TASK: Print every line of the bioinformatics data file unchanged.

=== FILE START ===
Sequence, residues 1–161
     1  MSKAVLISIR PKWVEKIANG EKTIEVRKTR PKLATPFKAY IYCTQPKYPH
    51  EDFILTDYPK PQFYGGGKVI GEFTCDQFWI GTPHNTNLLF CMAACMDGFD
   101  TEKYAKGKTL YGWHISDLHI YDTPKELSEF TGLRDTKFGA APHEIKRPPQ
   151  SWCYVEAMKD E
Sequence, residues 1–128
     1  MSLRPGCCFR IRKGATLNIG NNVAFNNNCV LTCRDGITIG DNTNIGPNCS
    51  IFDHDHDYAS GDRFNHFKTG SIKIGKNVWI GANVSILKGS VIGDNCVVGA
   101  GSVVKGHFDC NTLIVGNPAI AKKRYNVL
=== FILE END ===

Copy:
Sequence, residues 1–161
     1  MSKAVLISIR PKWVEKIANG EKTIEVRKTR PKLATPFKAY IYCTQPKYPH
    51  EDFILTDYPK PQFYGGGKVI GEFTCDQFWI GTPHNTNLLF CMAACMDGFD
   101  TEKYAKGKTL YGWHISDLHI YDTPKELSEF TGLRDTKFGA APHEIKRPPQ
   151  SWCYVEAMKD E
Sequence, residues 1–128
     1  MSLRPGCCFR IRKGATLNIG NNVAFNNNCV LTCRDGITIG DNTNIGPNCS
    51  IFDHDHDYAS GDRFNHFKTG SIKIGKNVWI GANVSILKGS VIGDNCVVGA
   101  GSVVKGHFDC NTLIVGNPAI AKKRYNVL